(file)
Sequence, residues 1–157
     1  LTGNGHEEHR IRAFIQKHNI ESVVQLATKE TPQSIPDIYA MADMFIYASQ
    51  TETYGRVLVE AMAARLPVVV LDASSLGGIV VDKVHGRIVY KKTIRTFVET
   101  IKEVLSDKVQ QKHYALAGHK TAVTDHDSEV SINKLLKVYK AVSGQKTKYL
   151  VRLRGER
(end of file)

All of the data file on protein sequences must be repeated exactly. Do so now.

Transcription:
Sequence, residues 1–157
     1  LTGNGHEEHR IRAFIQKHNI ESVVQLATKE TPQSIPDIYA MADMFIYASQ
    51  TETYGRVLVE AMAARLPVVV LDASSLGGIV VDKVHGRIVY KKTIRTFVET
   101  IKEVLSDKVQ QKHYALAGHK TAVTDHDSEV SINKLLKVYK AVSGQKTKYL
   151  VRLRGER